The Hardware from all Angles
We begin our little tour on the front of the Nokia N8, which is dominated by the Screen. We talk about a 3,5″ AMOLED capacitive multitouch Touchscreen, which is stretched a bit, to give the screen a nice 16:9 ratio. This makes the phone suitable for one-handed usage, which is great. Nokia is still relying on the nHD resolution here, 640×360 pixels is what you get. I could be picky here and complain that “others” have more to offer but then again, i found the display okay and everything was readable nicely. Still i hope for higher resolutions on upcoming devices. I personally find 3,5″ or max. 3,7″ screens just right for a phone. I have previously trialed a Samsung Galaxy S, and found that almost too big for my liking. Nokia’s AMOLED display also features a nice anti-reflection layer, to ensure good visibility even in bright sunshine. The colors come across powerful and vibrant, just as they have to be. However, the Nokia N8 does NOT have the brand new Clear Black Display technology already, which gives an even better experience. Shockingly enough, this is only the second device with a capacitive touchscreen from Nokia after the X6. The display itself is covered in Gorilla glass. Yes, gorilla glass. If you scratch it, it will run away and climb the Empire State Building. Okay, not seriously, in fact the Gorilla Glass is a tough solution to prevent your screen from getting scratched. How tough? Check out my friend Stefanos’ video of the hardcore Gorilla Glass Test!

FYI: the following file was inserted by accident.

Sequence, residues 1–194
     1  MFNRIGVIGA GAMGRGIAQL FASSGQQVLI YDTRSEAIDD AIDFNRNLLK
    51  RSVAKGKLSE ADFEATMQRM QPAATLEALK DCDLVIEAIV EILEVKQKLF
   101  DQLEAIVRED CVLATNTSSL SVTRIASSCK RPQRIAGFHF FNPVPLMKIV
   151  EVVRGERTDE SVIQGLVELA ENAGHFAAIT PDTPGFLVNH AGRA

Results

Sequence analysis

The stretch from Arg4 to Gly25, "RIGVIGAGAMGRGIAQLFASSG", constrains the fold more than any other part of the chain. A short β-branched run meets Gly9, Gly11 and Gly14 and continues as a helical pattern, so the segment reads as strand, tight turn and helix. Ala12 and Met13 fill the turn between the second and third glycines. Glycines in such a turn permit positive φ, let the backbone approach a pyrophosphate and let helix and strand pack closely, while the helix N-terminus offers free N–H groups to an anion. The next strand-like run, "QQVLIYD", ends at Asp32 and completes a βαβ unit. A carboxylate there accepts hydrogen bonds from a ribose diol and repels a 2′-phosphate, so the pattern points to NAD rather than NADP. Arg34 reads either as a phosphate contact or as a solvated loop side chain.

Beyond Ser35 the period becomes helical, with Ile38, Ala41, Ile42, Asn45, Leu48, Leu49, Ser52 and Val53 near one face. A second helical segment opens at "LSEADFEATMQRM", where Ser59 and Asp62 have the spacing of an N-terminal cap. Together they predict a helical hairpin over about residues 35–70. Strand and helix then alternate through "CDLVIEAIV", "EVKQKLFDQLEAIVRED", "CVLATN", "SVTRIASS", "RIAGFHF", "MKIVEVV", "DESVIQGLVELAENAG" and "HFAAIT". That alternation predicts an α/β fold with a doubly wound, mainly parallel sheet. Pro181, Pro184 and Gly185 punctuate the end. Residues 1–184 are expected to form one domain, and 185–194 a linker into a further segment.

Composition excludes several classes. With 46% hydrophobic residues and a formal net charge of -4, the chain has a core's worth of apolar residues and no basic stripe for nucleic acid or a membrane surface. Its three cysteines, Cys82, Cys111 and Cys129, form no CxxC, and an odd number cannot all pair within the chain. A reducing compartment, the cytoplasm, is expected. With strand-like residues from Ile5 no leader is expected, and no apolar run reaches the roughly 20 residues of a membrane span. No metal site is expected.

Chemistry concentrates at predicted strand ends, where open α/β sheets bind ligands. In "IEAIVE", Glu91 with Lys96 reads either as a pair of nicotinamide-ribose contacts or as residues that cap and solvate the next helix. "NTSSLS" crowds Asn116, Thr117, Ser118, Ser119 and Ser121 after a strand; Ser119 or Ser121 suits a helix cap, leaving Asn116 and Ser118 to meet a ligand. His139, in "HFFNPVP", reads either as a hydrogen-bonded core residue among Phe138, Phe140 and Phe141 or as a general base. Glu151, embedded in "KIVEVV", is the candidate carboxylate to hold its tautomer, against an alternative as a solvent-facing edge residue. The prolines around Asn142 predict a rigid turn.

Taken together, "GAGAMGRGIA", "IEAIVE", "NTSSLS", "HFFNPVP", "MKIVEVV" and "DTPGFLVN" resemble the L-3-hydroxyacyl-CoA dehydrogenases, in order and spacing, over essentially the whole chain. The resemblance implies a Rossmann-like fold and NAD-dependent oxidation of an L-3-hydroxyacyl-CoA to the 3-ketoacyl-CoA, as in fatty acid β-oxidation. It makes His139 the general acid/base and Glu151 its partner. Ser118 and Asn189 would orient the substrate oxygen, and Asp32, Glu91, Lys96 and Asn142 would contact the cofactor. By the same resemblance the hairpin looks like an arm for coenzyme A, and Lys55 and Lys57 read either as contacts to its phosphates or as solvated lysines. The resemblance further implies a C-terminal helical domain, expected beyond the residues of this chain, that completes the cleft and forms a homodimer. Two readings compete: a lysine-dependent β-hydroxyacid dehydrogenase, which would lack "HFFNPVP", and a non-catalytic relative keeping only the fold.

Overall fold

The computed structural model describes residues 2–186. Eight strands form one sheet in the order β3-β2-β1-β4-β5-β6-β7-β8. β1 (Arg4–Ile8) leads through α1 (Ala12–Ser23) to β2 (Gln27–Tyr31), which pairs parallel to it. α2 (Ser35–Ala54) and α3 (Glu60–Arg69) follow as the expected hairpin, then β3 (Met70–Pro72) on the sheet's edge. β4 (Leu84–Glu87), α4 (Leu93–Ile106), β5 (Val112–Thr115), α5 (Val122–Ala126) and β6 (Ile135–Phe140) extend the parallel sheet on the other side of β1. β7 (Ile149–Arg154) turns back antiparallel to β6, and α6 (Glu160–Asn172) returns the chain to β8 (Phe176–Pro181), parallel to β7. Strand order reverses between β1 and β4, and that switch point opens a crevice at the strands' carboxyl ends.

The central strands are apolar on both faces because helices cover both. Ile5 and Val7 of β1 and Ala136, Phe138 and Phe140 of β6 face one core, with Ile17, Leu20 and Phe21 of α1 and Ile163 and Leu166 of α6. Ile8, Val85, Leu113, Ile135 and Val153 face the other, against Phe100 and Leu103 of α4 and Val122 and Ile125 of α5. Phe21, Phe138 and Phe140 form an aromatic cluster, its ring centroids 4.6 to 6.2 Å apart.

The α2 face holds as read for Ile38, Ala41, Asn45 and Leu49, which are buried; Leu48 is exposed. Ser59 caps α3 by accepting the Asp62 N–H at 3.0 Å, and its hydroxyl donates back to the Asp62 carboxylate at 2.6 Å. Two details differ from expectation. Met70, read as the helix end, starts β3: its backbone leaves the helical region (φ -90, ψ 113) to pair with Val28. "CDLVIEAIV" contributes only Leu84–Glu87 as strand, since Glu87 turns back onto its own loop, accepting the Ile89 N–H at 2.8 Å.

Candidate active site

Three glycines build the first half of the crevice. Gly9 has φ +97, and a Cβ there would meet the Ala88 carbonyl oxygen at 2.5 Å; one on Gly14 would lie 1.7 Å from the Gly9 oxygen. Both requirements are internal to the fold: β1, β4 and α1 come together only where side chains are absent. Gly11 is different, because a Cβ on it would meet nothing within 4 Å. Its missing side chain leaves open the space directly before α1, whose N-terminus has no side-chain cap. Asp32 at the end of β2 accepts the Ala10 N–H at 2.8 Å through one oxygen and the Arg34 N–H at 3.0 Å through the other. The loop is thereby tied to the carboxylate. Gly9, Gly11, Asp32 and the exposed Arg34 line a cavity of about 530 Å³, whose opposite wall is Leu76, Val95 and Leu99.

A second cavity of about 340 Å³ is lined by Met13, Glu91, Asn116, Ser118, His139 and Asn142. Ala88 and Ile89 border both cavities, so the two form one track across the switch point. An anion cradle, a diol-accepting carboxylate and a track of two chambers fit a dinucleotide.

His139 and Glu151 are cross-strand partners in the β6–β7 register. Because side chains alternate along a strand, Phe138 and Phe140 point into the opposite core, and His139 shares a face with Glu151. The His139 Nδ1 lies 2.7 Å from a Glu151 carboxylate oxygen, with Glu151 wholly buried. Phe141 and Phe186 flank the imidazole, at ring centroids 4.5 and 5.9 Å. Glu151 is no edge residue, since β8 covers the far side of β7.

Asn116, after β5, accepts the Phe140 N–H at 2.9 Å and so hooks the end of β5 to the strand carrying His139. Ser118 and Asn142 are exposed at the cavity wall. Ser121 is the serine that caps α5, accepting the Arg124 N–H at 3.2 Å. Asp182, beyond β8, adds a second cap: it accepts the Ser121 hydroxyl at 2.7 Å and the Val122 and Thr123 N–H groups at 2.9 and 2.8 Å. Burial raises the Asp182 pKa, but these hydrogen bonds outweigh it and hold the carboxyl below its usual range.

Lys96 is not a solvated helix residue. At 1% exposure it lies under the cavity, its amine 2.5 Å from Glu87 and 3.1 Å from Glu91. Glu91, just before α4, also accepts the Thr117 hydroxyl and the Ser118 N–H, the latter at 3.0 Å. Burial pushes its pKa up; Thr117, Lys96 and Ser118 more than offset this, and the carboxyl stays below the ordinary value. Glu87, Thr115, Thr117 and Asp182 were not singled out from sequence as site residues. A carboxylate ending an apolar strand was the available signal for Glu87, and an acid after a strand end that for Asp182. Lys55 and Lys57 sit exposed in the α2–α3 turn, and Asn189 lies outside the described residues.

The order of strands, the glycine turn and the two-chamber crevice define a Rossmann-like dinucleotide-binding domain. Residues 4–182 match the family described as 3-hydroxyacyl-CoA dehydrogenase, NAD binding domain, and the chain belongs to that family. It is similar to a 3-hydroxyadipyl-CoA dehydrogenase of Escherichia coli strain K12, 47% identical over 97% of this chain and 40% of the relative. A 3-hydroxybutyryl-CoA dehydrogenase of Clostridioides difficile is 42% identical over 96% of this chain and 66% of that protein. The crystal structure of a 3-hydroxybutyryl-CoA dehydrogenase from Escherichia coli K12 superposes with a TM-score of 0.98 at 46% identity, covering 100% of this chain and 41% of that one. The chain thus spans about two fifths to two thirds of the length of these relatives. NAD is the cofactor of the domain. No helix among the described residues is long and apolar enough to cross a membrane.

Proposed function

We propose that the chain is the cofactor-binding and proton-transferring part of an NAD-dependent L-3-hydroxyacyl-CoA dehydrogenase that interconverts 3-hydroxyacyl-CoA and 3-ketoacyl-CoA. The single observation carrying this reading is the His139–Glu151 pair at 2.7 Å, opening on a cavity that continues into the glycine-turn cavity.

Moving on from the screen, on the upper part you find the VGA front facing video camera and light sensor. In the middle sits the speaker, which is loud and clear enough. Located below the screen is the menu key, which is, oddly enough, on the left side of the phone instead of in the middle. As you can imagine, this makes it rather difficult to operate it with the left hand. The Menu key also serves as notification light for missed calls and SMS messages, which could be a slight bit brighter for my taste.